NAMPA — Dressed in a black and white prisoner outfit, astride a horse draped in a matching getup, Matt Zimmerman rode through prison bars into the arena as “Bad Boys” blasted over the speakers at the Ford Idaho Horse Park.
The Caldwell resident guided Inmate Dan, the horse Zimmerman has been training for 100 days, across the dirt and through several obstacles. As the music faded into “School House Rock,” Zimmerman shot his gun at black and white balloons, never missing, while Inmate Dan galloped along. Just as the time was about to expire in the freestyle competition, Zimmerman jumped up on the mustang and danced while standing on the saddle.
About an hour later, Zimmerman was announced as the winner of Extreme Mustang Makeover and $3,000.
This marked the first time Extreme Mustang Makeover has come to Idaho. But it wasn’t Zimmerman’s first time to compete. He’s trained the wild horses for seven of the competitions, winning once prior to Saturday.
But he said he’s happy Extreme Mustang Makeover finally held an event close to home.
“It’s good because when I go away people don’t know what I can accomplish,” Zimmerman said. “With a competition here in Idaho, people can come and see what I can do.”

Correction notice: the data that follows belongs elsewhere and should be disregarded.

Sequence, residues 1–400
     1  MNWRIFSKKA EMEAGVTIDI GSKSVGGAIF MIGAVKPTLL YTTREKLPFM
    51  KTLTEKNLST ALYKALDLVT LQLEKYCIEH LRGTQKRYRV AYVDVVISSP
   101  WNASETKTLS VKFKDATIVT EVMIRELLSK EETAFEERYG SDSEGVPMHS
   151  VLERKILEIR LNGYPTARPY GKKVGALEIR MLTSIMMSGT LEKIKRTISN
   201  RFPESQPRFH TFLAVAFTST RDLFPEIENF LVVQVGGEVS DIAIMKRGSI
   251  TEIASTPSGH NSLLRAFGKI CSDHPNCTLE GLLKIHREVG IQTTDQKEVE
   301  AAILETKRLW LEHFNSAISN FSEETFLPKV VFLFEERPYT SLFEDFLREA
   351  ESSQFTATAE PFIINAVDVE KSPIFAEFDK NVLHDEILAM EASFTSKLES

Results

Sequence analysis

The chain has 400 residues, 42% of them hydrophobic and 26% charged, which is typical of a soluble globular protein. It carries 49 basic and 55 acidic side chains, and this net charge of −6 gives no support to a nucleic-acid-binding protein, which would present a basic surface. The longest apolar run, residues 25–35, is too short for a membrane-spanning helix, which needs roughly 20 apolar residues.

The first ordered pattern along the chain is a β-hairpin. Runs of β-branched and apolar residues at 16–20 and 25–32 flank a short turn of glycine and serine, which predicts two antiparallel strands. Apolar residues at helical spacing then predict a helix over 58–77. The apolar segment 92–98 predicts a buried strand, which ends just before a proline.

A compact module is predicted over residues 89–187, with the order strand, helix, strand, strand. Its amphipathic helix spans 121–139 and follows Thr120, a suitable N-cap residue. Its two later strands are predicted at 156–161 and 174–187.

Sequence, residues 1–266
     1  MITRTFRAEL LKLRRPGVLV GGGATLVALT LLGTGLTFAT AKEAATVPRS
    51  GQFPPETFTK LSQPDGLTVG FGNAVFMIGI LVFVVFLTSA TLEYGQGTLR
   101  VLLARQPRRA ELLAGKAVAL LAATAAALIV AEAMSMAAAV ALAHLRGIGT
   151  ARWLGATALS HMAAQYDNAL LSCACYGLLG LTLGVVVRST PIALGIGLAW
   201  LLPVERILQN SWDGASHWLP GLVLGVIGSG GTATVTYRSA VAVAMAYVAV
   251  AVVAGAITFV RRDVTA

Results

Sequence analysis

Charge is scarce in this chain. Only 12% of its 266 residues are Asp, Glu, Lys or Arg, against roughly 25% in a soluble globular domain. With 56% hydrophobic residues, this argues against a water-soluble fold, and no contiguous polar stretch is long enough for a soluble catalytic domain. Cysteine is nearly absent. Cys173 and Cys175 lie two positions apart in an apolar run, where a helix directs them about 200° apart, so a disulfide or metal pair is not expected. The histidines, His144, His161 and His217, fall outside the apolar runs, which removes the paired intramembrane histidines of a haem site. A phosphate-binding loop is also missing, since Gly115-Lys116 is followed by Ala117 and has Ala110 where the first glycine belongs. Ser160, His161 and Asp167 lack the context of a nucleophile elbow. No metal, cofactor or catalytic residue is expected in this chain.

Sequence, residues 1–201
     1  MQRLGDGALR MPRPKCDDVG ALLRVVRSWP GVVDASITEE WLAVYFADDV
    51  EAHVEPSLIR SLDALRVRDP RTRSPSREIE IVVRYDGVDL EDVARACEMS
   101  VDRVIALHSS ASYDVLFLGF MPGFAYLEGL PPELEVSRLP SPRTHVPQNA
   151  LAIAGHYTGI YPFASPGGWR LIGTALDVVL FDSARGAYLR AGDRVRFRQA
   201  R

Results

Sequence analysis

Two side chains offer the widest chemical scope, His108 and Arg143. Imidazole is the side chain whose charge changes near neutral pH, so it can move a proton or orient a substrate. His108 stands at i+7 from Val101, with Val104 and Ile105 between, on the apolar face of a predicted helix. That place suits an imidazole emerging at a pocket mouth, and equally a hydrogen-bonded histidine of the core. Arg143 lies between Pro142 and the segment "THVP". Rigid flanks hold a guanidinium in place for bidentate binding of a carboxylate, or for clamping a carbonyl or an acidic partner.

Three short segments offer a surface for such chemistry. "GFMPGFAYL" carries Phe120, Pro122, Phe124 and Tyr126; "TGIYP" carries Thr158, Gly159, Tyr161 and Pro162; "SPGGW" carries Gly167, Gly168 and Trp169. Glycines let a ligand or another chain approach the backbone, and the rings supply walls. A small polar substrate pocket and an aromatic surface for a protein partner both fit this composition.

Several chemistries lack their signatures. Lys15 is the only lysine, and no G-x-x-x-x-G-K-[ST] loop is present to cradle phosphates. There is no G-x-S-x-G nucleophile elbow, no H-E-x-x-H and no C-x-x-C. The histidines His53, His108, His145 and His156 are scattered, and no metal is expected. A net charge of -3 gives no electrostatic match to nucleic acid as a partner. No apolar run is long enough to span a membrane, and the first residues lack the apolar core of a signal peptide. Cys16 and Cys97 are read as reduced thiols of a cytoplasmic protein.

The event, held by the Bureau of Land Management and the Mustang Heritage Foundation, travels the country and puts horse trainers of all ages to the test and helps find homes for the horses.
Thirty-one trainers and their once-wild mustangs competed in the two-day event. By Saturday afternoon, the field was down to 10.
The trainers were with their mustangs for 100 days. Before that, these horses roamed wild and untamed across the western landscape.
“Mustangs are harder to train because they have to fight or flee to survive,” Zimmerman said. “They have more of a tendency fight.”
Nampa’s Matthew Livengood originally said his goal wasn’t to make it to the finals, but he was one of the 10 to compete for the top spot Saturday night. He finished ninth and took home a $450 prize.
This Bud’s For You, Livengood’s horse, was one of about 18,000 wild mustangs in Nevada before he started training him in April. It’s the first time Livengood attempted to train a wild mustang in his 20 years of experience working with horses.
“When we heard that the Extreme Mustang Makeover was going to happen here in Nampa, it was kind of like, well maybe now is the time,” Livengood told the Press-Tribune in July.
Livengood said Bud was tricky at first, but once the horse finally let the rancher touch him, Livengood said Bud was a quick learner.
BLM said Extreme Mustang Makeover is an opportunity to “showcase the beauty, versatility and trainability of these rugged horses.”
After the event, the trained horses were auctioned off. Meanwhile, untrained mustangs were sold throughout the weekend for $125.